This small country has a big population which is reaching 11-12 million people and is one of the most densely populated countries in Africa (if not in the world). Actually, Western countries have been a great help under the difficult years and until now, and Rwanda becomes very westernized. It is impressive how organized and clean it is in Rwanda. We noticed already on the border between Uganda and Rwanda that they checked in the computer if Chris has applied for the visa (Diana gets a free visa since she is Swedish)… well this has never happened in other African countries so far. When we entered Kigali we noticed that all motorcycles drivers have a west and helmet (and a helmet for passenger as well), and just one passenger per motorcycle… well we couldn’t believe our eyes.

As well when we booked a bus ticket in Uganda or Kenya so usually we are waiting until the bus is full (or overfull) of passengers, and up and go… but in Rwanda the bus had a fixed time and it left on the time and doesn’t matter that some seats were still free. Diana needed health care and she was placed into a clinic for one day to recover, and the medicine help was equal like at home (but much more expensive). We met few independent travelers in Rwanda who has been surprised in a good way as well. So small country but extreme organized (compare other Africa countries) and it is a pleasure to travel through this wonderful corner of the world. Since Rwanda was a Belgium colony it is hard to speak in English which makes your stay a little more complicated but not impossible.

Kigali is based on few hills and it isn’t a big city at all. Everything is reachable in 10-20 minutes by motorbike which is a best option for the public transportation. Unfortunately it isn’t a big deal in the city except Kigali Memorial Centre which is really interesting but really intense. It shows the reality and gives the understanding of the past situation in Rwanda. Some exhibitions are really horrible and not recommended to see for everyone. At Kigali Memorial Centre have been buried many offers of genocide and you witness what has happened then. It isn’t a pleasure to mingle around but it is necessary to face the reality which placed just 17 years ago.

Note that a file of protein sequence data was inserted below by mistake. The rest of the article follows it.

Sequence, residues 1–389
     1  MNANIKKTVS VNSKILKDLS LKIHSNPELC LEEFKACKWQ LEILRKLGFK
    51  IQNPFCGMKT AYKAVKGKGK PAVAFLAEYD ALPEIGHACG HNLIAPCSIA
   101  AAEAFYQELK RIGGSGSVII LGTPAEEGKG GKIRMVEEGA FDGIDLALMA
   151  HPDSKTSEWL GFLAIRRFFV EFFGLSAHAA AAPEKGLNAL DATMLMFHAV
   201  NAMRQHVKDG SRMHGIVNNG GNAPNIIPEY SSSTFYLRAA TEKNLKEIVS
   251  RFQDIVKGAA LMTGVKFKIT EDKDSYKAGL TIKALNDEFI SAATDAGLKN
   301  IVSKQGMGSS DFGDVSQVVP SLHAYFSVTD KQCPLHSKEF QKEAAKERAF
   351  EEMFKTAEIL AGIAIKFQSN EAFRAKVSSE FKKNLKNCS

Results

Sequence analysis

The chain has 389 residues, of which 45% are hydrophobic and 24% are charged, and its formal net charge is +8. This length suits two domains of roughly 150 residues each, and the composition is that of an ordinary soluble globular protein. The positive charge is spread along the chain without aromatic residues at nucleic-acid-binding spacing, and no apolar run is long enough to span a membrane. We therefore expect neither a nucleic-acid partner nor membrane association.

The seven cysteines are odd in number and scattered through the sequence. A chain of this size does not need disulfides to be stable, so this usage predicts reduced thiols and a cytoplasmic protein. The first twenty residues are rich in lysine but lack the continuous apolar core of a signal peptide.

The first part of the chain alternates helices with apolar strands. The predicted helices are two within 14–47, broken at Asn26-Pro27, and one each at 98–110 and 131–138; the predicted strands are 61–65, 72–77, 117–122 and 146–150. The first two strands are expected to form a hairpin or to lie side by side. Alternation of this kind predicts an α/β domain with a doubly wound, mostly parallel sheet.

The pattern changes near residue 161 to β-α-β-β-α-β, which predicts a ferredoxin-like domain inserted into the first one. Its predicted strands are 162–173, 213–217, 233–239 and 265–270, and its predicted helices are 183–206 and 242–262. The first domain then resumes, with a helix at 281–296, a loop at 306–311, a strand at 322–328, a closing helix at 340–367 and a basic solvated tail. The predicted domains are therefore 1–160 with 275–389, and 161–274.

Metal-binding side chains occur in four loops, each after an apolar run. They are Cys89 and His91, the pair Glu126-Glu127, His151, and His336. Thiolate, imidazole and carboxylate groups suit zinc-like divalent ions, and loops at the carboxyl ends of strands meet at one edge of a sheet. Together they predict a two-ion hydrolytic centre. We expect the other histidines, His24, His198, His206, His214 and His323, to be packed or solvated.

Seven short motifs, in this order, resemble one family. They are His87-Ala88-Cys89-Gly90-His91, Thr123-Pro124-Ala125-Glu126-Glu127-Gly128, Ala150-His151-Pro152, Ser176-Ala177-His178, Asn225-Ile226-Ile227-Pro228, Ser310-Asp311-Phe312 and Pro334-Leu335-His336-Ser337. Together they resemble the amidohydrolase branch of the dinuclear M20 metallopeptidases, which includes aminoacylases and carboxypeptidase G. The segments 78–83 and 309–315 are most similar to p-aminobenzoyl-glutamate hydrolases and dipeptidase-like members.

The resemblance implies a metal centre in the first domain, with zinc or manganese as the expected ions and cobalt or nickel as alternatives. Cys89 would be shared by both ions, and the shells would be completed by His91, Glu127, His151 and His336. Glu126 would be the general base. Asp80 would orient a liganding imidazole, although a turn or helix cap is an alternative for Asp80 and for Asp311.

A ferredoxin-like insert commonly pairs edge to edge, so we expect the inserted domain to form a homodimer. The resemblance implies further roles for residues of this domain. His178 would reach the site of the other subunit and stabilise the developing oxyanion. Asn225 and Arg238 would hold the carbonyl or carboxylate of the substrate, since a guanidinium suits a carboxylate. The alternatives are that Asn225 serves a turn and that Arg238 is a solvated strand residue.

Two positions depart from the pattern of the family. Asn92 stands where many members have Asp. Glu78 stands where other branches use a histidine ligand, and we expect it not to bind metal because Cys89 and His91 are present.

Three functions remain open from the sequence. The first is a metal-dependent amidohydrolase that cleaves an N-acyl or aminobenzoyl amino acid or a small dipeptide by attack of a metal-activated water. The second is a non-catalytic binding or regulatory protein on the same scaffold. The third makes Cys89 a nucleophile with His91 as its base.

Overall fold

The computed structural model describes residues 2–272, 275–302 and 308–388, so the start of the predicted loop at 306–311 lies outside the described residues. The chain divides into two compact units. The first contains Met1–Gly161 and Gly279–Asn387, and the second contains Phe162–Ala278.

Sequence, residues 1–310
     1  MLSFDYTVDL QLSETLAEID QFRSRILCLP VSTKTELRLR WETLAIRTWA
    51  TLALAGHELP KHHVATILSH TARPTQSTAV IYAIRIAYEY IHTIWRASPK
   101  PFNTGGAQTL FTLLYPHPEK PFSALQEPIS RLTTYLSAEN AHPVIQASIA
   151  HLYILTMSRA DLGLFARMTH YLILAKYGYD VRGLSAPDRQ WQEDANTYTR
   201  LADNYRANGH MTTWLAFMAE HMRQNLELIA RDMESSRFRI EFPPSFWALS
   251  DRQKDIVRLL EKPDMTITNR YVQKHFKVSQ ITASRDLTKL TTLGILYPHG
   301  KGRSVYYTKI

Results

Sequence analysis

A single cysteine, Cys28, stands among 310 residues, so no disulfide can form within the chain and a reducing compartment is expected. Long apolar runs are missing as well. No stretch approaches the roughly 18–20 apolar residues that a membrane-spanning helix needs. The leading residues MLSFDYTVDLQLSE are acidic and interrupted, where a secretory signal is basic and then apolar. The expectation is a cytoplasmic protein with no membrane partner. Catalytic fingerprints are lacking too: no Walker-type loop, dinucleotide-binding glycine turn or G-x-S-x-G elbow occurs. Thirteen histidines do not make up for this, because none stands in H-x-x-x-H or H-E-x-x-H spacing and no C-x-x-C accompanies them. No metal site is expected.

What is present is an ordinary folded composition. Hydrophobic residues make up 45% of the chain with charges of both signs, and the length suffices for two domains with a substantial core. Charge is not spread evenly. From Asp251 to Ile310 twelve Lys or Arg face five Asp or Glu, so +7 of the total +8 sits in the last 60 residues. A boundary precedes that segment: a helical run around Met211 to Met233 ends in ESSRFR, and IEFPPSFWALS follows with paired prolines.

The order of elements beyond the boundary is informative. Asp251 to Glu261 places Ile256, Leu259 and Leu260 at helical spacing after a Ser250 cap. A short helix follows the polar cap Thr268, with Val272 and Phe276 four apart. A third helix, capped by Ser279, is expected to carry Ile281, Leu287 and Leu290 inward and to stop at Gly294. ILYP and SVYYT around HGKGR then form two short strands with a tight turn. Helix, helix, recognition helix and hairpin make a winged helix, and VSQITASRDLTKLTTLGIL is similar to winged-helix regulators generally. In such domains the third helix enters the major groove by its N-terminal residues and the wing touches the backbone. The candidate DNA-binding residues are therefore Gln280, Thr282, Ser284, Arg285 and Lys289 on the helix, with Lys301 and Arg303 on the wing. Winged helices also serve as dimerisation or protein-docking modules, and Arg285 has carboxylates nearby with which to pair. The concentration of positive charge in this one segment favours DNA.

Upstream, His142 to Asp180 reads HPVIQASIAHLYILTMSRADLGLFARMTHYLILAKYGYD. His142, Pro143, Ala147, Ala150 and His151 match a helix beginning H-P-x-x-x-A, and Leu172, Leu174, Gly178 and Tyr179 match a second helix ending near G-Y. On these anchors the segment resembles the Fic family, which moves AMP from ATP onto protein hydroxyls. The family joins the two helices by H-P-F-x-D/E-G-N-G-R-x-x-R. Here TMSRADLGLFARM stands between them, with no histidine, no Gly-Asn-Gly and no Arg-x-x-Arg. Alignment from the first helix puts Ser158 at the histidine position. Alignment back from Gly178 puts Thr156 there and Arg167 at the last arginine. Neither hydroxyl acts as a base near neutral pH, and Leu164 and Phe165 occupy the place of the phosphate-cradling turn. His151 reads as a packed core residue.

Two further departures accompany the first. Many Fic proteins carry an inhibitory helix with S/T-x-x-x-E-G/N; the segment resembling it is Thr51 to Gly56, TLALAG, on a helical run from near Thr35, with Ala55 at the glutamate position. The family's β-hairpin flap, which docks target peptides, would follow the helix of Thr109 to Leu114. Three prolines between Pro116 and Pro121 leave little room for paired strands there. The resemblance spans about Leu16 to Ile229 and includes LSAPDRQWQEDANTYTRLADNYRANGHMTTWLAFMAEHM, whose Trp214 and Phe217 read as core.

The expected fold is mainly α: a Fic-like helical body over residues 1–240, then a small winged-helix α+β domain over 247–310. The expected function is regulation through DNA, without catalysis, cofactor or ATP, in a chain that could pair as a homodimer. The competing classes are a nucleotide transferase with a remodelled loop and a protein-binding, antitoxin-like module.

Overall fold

Unfortunately there are many street children and it is hard not to notice them. Overall the children are asking for money all the time and we got a feeling that they have a subject in the school or parents taught: “How to get money of mzungu?”. They know a sentence in English: “Good morning! Give me money!” and it doesn’t matter what time of the day is. In general people are quite nice and helpful but some really intolerant and annoying. It is really depends on who you will bump into in the streets.



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13th November 2011

Very interesting blog about Kigali, and some great photos too. I am going to Kigali in April next year, and your blog has given me some idea of things to see. Happy travels!